Exporting files from Lightroom is quick and easy. Select all the desired files and choose File > Export to begin choosing your settings. This is where user presets can be a huge timesaver in your workflow. I generally make export presets for many of my advanced edits for Photoshop. Things like skin smoothing in Portraiture and black-and-white edits in Nik Silver Efex Pro 2 are almost mechanical in how they work. (Image 13) Automate your mindless tasks like this by using droplets in your exports. For an in-depth breakdown of droplets, see the January 2015 issue for my article “Creating a Professional Workflow: Actions and Droplets.” It’s worth taking some time to get familiar with these; they are a part of my everyday workflow.

ProShow Web has a default preset built into the export module. (Image 14) This intuitive web-based slideshow interface has really given Animoto a run for its money. Even Sal has changed over. Once you are logged in through the export window, create a slideshow name and you are ready to export files directly into your account. It automatically resizes and saves the files in JPEG format for web-ready viewing and functionality. (Image 15) Doesn’t get any easier than that.

Publish Services

Lightroom is a bit lacking in terms of default publishing services like Facebook and Flickr, so I installed some more useful ones like SmugMug and ShootProof. Publishing services, which can be accessed in the Library module, allow you to filter your images for quick selection. When you publish images to the website, SmugMug’s plugin allows you to create galleries directly in Lightroom. These are set up very similar to Lightroom Collections in that the files do not move at all—they are virtually organized. Right-click on the specific publisher and choose Create a Gallery. Once you’ve named the gallery, the custom URL is generated for your SmugMug site. (Image 16) You can choose selected images or make virtual copies. Virtual copies work well when you want to apply different adjustment settings or individualized groupings for client-specific needs. Click Publish in the upper right-hand corner to finish the process, and your client images begin to load on the webpage. (Image 17)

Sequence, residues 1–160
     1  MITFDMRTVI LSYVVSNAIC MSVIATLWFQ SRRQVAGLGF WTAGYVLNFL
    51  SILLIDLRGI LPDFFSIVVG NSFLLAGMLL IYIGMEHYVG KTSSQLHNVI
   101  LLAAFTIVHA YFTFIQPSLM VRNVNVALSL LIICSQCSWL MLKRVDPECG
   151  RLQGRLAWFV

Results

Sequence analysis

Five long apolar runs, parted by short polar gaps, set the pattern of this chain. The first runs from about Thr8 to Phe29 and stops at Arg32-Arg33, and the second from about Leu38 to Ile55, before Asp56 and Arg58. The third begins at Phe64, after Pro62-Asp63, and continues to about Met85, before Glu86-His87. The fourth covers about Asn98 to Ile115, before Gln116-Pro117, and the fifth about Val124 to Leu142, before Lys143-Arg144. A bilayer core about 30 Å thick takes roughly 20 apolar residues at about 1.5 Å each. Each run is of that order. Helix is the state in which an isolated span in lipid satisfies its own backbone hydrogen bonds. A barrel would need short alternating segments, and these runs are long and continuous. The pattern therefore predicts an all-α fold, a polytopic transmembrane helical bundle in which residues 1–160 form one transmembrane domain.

ShootProof’s plugin has a similar interface that requires you to create a collection. Same basic principle: Choose the images you want to share and click Publish. It’s pretty simple. This is a streamlined process that negates having to export from Lightroom and then upload to the website. (Image 18) You do have the option to resize and rename files for both plugins. It’s sort of hidden in the Lightroom Publishing Manager. Click the “+” button next to Publish Services and choose Go to Publishing Manager. (Image 19) There are options for all the plugins installed in Lightroom. Many of the same export settings are included, as well as user presets. I wouldn’t suggest changing the image size, but it allows custom renaming for clients’ sites. (Image 20) I suggest renaming before exporting or publishing images, but there is a last-chance option as well.


You are now ready to start making some money on your images. Take your time sorting and renaming files. There’s nothing worse than having images out of order on your client site, which makes you look unprofessional. Many of these software developers work well together. Lightroom has plenty of efficient tasks at your disposal; you just have to take the time to learn them.

If time management is a rough area for you, get familiar with user presets and integrate them into your everyday workflow.

Get the full story

To read the full article, launch the digital version of the December 2015 magazine.

You might also like:

Leave a Reply

Want more content like this?

Check out our recent posts

on camera direct flash tutorial thumbnail

On Camera Direct Flash Tutorial

Have you tried using on-camera flash for your studio portraits? As a professional photographer, I’ve always been taught to take the flash off camera to create more directional light. In this video of on camera direct flash tutorial for lighting, I will show you how to work quickly and easily using on-camera flash to create some very unique and interesting portraits.

Read More »
5 easy poses for boudoir photography thumbnail

5 Easy Poses for Boudoir Photography

Posing for boudoir photography is always a challenge. In this video, I will show you some easy tips to posing your clients. Not every client is a model – so we need to find an easy set of poses to get them started. Once they get comfortable in front of the camera, you can then work on more advanced poses and lighting techniques to build on for the images you create.

Read More »